Postmodernism in Japan

Food for Thought

The Western impression of Japan is that it’s a beautiful country, but much of the populated areas of Japan are quite unaesthetic. They are densely packed with houses made of cheap, disposable materials and power lines littering any breathing spaces. Some pockets of Tokyo are pretty but modern and Western. If you want to see beauty in the Japanese sense, you’d have to travel to the countryside.

However, for the students of postmodernism, Tokyo offers more learning materials than any Western city. It is “hyperreal” in that you cannot trace the origins of what they are simulating or appropriating, creating a spectacle that even Disneyland cannot match.

Japan was never colonized, so the Westerners did not have a direct hand in construction. Furthermore, the limited international exposure of the Japanese means Western aesthetics that are only skin deep, stripped of historical or cultural significance—they are devoid of referents—unlike in modern Western cities where they are simply forgotten by the newer generations but can be recovered.

The most conspicuous example is the ornamental use of English words. They are nonsensical in their contexts, much like the American appropriation of Japanese characters in tattoos, except that it’s everywhere you look in Japan. For instance, an elderly woman wearing a sweatshirt emblazoned with “The University of Arizona” likely has no understanding of the institution.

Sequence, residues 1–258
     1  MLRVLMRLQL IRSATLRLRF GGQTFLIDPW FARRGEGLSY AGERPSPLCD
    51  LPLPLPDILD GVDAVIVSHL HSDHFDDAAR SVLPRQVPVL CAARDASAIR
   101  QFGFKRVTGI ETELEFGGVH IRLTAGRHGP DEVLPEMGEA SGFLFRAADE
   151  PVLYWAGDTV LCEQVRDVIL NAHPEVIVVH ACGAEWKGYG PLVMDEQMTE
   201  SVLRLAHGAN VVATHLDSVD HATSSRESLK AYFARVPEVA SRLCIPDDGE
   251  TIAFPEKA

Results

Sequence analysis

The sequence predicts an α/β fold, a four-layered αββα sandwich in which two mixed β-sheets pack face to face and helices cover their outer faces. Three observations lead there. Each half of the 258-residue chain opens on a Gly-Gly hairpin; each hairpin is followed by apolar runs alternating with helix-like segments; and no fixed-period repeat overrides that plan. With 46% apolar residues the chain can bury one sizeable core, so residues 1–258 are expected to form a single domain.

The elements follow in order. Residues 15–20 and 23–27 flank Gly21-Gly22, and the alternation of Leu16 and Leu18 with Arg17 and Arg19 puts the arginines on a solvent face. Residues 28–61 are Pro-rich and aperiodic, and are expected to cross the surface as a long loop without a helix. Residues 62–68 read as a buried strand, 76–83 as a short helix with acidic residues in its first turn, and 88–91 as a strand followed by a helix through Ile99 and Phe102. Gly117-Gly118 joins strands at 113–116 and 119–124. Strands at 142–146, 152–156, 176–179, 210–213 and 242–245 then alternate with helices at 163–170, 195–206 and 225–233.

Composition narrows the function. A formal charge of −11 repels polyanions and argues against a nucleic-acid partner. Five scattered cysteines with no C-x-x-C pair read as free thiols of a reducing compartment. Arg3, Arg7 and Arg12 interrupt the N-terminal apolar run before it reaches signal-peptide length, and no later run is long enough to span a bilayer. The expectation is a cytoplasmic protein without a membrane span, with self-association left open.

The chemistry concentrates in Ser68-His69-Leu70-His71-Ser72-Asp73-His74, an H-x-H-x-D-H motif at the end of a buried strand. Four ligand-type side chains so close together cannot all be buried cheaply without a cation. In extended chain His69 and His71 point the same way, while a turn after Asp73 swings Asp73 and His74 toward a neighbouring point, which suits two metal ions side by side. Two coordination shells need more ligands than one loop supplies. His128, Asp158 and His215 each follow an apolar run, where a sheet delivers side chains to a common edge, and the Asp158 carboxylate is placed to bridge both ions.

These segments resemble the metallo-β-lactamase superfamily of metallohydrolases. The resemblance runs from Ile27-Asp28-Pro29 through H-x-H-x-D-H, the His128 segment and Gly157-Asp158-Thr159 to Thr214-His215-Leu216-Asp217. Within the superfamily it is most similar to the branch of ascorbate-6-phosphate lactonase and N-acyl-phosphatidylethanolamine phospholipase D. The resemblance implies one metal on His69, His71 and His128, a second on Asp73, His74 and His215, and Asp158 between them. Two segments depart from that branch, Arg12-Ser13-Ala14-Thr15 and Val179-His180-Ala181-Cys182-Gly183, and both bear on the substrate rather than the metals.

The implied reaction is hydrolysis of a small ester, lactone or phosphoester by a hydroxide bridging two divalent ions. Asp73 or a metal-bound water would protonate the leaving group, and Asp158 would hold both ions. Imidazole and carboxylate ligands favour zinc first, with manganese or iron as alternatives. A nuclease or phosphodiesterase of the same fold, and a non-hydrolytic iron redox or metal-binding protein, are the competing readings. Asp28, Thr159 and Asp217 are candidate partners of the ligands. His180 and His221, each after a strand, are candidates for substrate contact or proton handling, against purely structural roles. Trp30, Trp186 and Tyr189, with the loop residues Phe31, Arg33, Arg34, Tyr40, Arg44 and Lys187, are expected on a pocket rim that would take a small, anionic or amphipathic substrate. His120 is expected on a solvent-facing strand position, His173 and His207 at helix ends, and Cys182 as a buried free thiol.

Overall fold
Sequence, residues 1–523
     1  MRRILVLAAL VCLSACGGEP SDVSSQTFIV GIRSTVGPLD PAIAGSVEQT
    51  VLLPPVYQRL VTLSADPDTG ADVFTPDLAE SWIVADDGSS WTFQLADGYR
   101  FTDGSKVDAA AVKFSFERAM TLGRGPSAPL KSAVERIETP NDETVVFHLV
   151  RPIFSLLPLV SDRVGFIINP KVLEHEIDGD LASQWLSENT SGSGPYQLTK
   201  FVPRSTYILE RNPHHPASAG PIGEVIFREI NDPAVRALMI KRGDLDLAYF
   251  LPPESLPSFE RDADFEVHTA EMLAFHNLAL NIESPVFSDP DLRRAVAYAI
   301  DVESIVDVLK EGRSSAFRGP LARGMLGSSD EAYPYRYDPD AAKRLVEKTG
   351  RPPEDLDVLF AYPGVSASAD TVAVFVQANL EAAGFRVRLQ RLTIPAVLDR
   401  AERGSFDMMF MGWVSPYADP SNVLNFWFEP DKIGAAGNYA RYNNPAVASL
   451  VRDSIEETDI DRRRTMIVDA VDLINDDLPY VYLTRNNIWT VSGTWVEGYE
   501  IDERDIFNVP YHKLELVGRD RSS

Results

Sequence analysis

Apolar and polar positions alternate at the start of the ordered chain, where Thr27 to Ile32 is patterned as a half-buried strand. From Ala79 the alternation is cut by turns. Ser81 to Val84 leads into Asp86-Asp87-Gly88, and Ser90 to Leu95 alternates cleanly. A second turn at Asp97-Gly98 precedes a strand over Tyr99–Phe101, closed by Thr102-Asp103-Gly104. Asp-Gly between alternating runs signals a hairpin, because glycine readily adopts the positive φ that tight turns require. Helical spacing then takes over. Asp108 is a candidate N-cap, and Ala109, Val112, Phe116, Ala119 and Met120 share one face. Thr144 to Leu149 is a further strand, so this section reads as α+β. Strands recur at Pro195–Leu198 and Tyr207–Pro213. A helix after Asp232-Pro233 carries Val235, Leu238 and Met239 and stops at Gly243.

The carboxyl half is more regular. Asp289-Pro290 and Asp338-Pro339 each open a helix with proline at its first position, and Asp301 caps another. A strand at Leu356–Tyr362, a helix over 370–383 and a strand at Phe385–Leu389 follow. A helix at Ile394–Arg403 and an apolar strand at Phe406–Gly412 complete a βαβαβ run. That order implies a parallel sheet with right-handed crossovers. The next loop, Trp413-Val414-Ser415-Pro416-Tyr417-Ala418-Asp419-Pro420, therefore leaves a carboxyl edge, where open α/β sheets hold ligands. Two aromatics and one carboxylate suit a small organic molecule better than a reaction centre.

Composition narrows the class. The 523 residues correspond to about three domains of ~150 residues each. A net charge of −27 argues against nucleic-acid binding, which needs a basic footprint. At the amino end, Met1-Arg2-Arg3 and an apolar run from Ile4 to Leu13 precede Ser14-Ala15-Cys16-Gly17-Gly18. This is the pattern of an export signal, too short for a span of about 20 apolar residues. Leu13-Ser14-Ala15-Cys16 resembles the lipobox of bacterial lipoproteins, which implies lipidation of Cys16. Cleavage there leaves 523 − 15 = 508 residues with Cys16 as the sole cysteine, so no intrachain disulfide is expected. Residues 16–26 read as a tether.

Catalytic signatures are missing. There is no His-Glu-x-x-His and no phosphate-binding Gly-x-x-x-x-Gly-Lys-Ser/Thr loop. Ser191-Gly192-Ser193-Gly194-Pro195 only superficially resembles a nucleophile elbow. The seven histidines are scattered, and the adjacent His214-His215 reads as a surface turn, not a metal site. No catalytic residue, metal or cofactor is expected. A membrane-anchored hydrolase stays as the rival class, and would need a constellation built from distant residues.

The transient nature of Japanese architecture, where a house loses its value once occupied, is rooted in practical responses to historical challenges like earthquakes, fires, and wars. What looks like a brick wall is rarely real upon closer inspection, evoking the feel of a Hollywood set.

However, this approach to truth is deeply embedded in Japanese philosophy, where the notion of an absolute, universal truth has long been deconstructed. When Jacques Derrida, the father of Deconstructionism, visited Japan, he was told he had nothing to deconstruct here. Japan’s philosophical traditions have always embraced a “post-truth” reality, adept at navigating life without reliance on universal truths.